A lifelong City resident, Halstead attended St Patrick and St Andrew grade school and Notre Dame of Bridgeport High School. He earned a Bachelor of Arts Degree from Mount St Mary’s College in Emmitsburg, MD, a Masters of Science Degree from Pratt Institute in Brooklyn in City and Regional Planning and a Master Gardener Certification from the University of Connecticut. His post graduate work includes various fellowships with extensive training in community, economic and real estate development.
Halstead worked extensively in the government and non-profit sector, completing a two-year stint in the U. S. Peace Corps in Tunisia, he came home to Bridgeport and embarked upon a 34 year career in community and economic development, working at various non-profits agencies, including the East Side Neighborhood Housing Services, the Washington Park Association and the Bridgeport Community Land Trust, which he also founded. He worked close to 25 years for the City of Bridgeport in the capacities of Housing Site Development Agency Director, Urban Homesteading Director, Construction Division Manager, Property Disposition Manager, and City Planner.
Halstead is credited with many significant achievements in Bridgeport including:
• Developing the $5.5 million Washington Park Revitalization Project
• Selling 171 blighted City property for total of $3 Million, leveraging $43 million investment, annual tax revenues of $600,000, 298 new housing units and 78 first-time homeownership units
• Spearheading the Reads Art Space Project in Downtown Bridgeport
• Creating and developing the Bridgeport Community Garden Program
Halstead wants to run for office because he believes the City is in trouble and will keep sliding backwards unless qualified, non-political people are in positions of leadership in Bridgeport.
Trish Swain bio:
Patricia Swain (Trish) was born in Bridgeport, in 1961 to O. Kenneth Swain and Betty Bodine Swain. Trish spent much of her childhood enjoying Beardsley Park and Seaside’s Shoreline. Her family roots in Bridgeport started with her grandfather, Alfred V. Bodine who founded the Bridgeport-based Bodine Corporation in 1933, during America’s Great Depression. She grew up hearing stories of Bridgeport’s thriving years and was taught through example the importance of community involvement and service.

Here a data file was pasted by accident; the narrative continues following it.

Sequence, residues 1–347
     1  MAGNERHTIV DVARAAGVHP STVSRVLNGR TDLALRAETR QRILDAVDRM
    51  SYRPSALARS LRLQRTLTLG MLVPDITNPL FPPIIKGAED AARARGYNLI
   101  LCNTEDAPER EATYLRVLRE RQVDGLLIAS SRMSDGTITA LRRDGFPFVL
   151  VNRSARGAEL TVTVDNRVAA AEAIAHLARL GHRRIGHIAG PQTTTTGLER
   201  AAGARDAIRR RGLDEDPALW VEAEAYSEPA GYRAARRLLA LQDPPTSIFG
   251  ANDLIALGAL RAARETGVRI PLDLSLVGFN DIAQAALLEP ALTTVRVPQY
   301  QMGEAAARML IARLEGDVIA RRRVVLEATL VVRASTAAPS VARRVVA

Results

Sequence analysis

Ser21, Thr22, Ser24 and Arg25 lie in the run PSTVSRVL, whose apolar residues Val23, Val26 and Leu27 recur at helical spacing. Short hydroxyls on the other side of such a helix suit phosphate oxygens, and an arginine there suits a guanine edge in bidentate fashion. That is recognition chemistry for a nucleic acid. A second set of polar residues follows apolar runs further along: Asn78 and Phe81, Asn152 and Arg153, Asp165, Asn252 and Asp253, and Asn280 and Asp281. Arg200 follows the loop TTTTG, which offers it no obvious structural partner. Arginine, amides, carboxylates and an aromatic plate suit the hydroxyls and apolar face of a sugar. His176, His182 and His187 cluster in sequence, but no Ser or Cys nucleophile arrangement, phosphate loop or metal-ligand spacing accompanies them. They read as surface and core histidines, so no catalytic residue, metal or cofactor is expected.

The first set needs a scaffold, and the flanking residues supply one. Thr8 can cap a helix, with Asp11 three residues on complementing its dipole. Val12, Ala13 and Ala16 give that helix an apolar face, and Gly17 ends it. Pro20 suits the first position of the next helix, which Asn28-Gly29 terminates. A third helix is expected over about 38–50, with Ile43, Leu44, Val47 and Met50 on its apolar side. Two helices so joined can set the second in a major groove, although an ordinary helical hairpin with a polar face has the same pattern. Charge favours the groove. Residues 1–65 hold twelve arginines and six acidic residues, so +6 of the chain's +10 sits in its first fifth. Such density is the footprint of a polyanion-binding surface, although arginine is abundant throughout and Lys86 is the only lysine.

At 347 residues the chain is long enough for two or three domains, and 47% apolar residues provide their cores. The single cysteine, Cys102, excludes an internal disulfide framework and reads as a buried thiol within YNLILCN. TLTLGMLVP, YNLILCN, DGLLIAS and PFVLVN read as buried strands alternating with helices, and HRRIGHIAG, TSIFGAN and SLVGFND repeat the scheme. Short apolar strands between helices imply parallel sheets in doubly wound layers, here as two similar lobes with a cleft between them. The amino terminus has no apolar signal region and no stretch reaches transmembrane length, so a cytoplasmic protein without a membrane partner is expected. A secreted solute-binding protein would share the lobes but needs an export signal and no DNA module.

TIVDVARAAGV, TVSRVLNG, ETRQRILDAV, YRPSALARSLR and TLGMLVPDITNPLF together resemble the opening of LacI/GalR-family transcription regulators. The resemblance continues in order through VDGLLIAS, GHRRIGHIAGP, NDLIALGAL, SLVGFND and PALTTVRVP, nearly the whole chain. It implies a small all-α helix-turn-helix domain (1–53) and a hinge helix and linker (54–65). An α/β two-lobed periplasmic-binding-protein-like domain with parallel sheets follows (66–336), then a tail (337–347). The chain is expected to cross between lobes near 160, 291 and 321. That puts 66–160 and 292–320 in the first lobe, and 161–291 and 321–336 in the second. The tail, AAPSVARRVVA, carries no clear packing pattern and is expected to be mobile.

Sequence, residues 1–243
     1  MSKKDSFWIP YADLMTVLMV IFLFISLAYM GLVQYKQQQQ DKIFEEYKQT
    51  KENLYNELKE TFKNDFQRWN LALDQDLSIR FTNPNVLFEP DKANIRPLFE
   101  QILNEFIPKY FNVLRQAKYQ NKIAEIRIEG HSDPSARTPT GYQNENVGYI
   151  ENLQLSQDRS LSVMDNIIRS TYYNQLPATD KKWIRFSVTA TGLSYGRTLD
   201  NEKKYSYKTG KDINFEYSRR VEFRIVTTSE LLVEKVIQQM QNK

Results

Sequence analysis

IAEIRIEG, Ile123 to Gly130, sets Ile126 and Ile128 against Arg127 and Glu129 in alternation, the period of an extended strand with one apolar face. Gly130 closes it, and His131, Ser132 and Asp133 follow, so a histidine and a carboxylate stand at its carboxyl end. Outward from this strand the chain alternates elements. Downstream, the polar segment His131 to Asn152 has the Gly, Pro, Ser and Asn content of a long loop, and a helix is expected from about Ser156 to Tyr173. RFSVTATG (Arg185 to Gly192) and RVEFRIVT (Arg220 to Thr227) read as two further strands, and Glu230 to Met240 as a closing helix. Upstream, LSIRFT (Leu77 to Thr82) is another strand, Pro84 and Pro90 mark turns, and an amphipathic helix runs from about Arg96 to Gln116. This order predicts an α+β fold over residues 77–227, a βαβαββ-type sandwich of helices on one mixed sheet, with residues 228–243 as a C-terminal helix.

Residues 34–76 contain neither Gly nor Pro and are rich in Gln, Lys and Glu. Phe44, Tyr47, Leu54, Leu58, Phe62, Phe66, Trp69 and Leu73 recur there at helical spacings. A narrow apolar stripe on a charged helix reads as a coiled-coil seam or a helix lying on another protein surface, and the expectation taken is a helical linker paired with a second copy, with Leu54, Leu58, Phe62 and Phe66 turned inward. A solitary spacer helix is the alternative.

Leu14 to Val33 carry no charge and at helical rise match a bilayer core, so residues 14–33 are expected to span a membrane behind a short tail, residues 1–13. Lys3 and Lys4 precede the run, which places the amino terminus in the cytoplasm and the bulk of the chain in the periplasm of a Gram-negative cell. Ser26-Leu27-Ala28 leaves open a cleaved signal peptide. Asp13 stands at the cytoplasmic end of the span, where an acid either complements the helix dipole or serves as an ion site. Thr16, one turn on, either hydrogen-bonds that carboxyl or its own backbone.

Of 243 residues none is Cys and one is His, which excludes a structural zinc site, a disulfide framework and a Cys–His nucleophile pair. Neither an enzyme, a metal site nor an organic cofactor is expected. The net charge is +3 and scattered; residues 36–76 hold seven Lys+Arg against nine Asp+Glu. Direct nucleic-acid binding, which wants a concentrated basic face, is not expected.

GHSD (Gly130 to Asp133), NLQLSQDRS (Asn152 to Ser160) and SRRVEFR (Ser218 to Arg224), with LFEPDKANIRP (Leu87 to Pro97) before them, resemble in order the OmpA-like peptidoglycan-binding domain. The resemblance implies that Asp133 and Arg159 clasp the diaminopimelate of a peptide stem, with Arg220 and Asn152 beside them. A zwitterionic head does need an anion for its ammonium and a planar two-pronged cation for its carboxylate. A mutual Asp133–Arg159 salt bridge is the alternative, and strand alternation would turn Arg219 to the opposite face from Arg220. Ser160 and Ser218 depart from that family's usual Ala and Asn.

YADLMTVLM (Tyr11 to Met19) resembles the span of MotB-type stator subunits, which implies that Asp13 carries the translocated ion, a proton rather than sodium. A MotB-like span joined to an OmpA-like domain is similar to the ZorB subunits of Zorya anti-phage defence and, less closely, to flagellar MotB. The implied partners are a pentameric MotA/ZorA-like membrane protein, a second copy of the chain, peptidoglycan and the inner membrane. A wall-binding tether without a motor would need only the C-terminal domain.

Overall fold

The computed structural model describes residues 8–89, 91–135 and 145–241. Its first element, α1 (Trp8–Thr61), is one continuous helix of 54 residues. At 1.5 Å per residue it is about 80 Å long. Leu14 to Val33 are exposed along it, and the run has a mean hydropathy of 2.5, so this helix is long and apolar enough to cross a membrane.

Swain attended public schools, graduating from Roger Ludlowe HS in just 3 years. After a year of work and helping with the care of her ailing father, she attended Hamilton College in NY, majoring in Government, leading to an internship with Senator Chris Dodd’s office in Washington DC. During her four years of college, Swain became President of the Outing Club and Manager of the student-run Social House. She founded the school’s first Women’s Ultimate Frisbee Team and competed throughout the northeast. After graduating with honors (B.A.) in 1983, Swain accepted a position in Dodd’s office and returned to DC to work for a year. During this time, she continued with her athletic interests and played on a nationally ranked travel team.
After moving back to CT, Swain began her 30-year career in business administration. Managing small businesses in the local area, Swain has been responsible for all aspects of company operations including; budgets, procedures, employee management, company direction, marketing and growth. She’s been a highly energetic, hands-on leader with a proven track record of growing both established and start-up businesses.
Having lived in Bridgeport since 2004, Trish Swain would like to see the city thrive once again. She believes that change in our leadership is necessary to effect change in our city’s direction. “We need to re-group, re-direct, and reform. I’m ready to serve and will appreciate the opportunity to do so.”